Stephen A. Hurlbut

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Stephen Augustus Hurlbut
Stephen A. Hurlbut - Brady-Handy.jpg
Steven A. Hurlbut
Born (1815-11-29)November 29, 1815
Charleston, South Carolina
Died March 27, 1882(1882-03-27) (aged 66)
Lima, Peru
Place of burial Belvidere Cemetery, Belvidere, Illinois
Allegiance  United States of America
Union
Service/branch Union Army
Years of service 1861 - 1865
Rank Union army maj gen rank insignia.jpg Major General
Commands held XVI Corps
Department of the Gulf
Battles/wars American Civil War

Stephen Augustus Hurlbut (November 29, 1815 – March 27, 1882), was a politician, diplomat, and commander of the U.S. Army of the Gulf in the American Civil War.

Biography[edit]

Born in Charleston, South Carolina, Hurlbut studied law and was admitted to the South Carolina bar in 1837. During the Second Seminole War, he served as adjutant of a South Carolina infantry regiment. In 1845, Hurlbut moved to Illinois, established a law practice in Belvidere. He was a presidential elector for the Whig Party in the 1848 Presidential Election. He was elected to the Illinois House of Representatives in 1859 and again in 1861.

When the Civil War erupted, Hurlbut joined the Union Army and became a brigadier general on May 17, 1861 and a major general on September 17, 1862. He commanded the 4th Division, Army of the Tennessee at the Battle of Shiloh and in the advance towards Corinth and the subsequent siege. He also led a division at the Battle of Hatchie's Bridge, taking command of the entire Union force after Gen Edward Ord was wounded.

Hurlbut commanded XVI Corps from his headquarters at Memphis, Tennessee. It has been suggested by the historian Bertram Korn, that during his garrison duty at Memphis, Tennessee, Hurlbut issued antisemitic orders confiscating Jewish property and preventing Jews from trading.[1]

Gen Hurlbut led a corps under William T. Sherman in the 1864 Meridian expedition. Hurlbut subsequently commanded the Department of the Gulf, succeeding Nathaniel P. Banks and serving in that capacity for the remainder of the war. Hurlbut was suspected of peculation during his term as department commander.

After mustering out of the Union Army on June 20, 1865, Hurlbut was one of the founding fathers of the Grand Army of the Republic, of which he served as commander-in-chief from 1866 to 1868.

He was appointed Minister Resident to Colombia in 1869, where he served three years. In 1872, Hurlbut was elected to the U.S. House of Representatives as a Republican Congressman from Illinois. Elected for a second term in 1874, he was defeated for reelection in 1876. Hurlbut was made ambassador to Peru in 1881, where he had an embarrassing altercation with Gen. Hugh Judson Kilpatrick, U.S. minister to Chile during the War of the Pacific. Each had become a partisan of the country to which he was the US diplomatic representative. Hurlburt served as U.S. ambassador to Peru until his death in Lima in 1882.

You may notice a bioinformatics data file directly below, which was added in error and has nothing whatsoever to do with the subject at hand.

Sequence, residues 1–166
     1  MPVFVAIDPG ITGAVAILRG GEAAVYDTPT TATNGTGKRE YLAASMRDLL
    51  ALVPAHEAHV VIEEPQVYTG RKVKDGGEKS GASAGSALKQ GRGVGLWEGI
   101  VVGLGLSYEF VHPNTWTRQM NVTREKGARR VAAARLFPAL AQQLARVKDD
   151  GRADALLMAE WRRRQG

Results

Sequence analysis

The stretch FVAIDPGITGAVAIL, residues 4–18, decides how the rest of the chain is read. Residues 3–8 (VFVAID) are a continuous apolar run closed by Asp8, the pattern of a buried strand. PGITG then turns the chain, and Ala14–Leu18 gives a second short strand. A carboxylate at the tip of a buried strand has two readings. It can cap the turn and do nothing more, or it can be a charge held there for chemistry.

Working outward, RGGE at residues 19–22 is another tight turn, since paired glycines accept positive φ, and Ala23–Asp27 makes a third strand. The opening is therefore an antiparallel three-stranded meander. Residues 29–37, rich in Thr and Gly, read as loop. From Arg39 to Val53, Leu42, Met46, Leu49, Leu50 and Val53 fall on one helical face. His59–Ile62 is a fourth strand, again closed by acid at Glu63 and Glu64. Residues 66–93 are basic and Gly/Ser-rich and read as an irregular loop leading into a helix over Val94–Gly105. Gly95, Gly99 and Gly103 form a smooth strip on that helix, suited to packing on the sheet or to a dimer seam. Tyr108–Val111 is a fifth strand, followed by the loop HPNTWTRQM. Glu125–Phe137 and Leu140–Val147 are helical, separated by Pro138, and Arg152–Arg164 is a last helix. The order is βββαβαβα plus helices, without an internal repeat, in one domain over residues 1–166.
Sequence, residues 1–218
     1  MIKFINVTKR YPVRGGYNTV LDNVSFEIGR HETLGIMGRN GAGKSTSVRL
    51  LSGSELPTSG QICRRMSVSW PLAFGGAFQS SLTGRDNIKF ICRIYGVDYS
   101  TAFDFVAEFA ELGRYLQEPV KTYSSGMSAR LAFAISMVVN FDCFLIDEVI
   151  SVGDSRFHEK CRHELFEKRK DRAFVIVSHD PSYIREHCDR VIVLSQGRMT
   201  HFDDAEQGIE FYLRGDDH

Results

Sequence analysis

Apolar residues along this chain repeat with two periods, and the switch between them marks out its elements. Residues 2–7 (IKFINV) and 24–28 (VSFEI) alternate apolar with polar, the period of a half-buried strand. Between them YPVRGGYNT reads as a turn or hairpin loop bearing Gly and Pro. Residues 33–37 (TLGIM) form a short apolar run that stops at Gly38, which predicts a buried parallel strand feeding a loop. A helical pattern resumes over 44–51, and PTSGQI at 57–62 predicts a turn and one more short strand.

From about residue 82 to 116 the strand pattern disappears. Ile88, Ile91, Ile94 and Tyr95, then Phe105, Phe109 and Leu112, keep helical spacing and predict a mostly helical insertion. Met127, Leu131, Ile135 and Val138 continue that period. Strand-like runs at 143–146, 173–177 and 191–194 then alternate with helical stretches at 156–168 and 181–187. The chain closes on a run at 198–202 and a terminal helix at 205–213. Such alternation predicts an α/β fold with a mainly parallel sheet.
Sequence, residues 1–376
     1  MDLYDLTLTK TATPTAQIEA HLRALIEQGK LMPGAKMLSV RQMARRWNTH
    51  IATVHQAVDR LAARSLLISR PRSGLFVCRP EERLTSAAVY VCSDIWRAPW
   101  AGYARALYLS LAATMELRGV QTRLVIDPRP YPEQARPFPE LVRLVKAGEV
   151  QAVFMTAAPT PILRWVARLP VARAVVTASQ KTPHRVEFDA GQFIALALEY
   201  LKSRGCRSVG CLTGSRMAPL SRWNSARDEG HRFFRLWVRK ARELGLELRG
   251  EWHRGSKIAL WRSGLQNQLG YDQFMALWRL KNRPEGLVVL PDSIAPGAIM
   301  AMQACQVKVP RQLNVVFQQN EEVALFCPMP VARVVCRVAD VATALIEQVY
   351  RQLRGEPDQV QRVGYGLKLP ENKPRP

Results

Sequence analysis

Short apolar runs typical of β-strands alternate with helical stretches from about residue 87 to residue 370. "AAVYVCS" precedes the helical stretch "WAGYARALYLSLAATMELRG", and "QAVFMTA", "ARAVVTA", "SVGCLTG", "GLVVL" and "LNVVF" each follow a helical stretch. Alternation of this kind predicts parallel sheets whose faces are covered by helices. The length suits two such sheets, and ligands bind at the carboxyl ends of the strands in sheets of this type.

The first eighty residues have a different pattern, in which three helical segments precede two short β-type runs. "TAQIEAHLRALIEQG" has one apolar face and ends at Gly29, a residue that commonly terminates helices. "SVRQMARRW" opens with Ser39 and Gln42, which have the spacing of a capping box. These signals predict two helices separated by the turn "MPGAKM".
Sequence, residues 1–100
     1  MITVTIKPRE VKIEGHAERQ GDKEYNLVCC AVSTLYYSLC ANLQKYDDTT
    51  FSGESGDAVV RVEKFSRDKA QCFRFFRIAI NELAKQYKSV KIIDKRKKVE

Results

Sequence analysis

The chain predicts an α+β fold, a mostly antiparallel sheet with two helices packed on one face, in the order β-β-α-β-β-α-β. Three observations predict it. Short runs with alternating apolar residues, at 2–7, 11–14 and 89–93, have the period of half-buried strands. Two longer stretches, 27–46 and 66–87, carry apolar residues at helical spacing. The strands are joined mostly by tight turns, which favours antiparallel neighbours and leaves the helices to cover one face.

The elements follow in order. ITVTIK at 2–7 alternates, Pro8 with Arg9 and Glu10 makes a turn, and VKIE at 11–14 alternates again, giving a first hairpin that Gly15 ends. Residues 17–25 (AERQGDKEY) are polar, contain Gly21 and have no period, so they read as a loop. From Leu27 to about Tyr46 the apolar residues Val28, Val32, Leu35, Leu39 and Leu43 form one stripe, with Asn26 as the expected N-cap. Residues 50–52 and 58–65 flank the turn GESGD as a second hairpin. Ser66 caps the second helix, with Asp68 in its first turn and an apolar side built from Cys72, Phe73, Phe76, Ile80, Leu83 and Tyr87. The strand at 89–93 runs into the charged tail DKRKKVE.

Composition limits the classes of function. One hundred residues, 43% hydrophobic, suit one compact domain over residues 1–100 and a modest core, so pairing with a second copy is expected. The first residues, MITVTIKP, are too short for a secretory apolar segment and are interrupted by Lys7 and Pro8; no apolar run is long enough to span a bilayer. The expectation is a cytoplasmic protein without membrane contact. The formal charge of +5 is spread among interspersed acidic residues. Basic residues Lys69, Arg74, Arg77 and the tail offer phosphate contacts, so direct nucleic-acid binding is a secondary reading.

Hurlbut and his spouse are buried together in Belvidere Cemetery, Belvidere, Illinois.

See also[edit]

Notes[edit]

  • According to Donald T. Phillips, the author of Lincoln on Leadership 1992, Hachette Book Group,N.Y., N.Y., Stephen A. Hurlbut was "one of his (Lincoln's) trusted colleagues." Lincoln sent him "on a fact-finding mission to Charleston .... to meet with the Confederate leaders, evaluate the situation (i.e., the crisis developing over Ft. Sumter) and report back...." "War, according to Hurlbut, was inevitable, unless the South was allowed to secede." As a result of this report, "Lincoln decided to resupply the embattled fort; if his ships were fired upon, it would be the Confederacy that started the war, not the Union."[citation needed]

Notes[edit]

  1. ^ Korn, Bertram Wallace (1951). American Jewry and the Civil War. Philadelphia: Jewish Publication Society of America. p. 154. OCLC 761780. 

References[edit]

  • Lash, Jeffrey N. (Jeffrey Norman), A politician turned general: the Civil War career of Stephen Augustus Hurlbut. Kent, Ohio; London: Kent State University Press, 2003.
Attribution
United States House of Representatives
Preceded by
John B. Hawley
Member of the U.S. House of Representatives
from Illinois's 4th congressional district

March 4, 1873–March 3, 1877
Succeeded by
William Lathrop
Diplomatic posts
Preceded by
Peter J. Sullivan
United States Minister to Colombia
November 13, 1869–April 3, 1872
Succeeded by
William L. Scruggs
Preceded by
Isaac P. Christiancy
United States Minister to Peru
August 2, 1881–March 27, 1882
Succeeded by
Seth Ledyard Phelps
Political offices
Preceded by
Benjamin F. Stephenson
Commander-in-Chief of the Grand Army of the Republic
1866 – 1868
Succeeded by
John A. Logan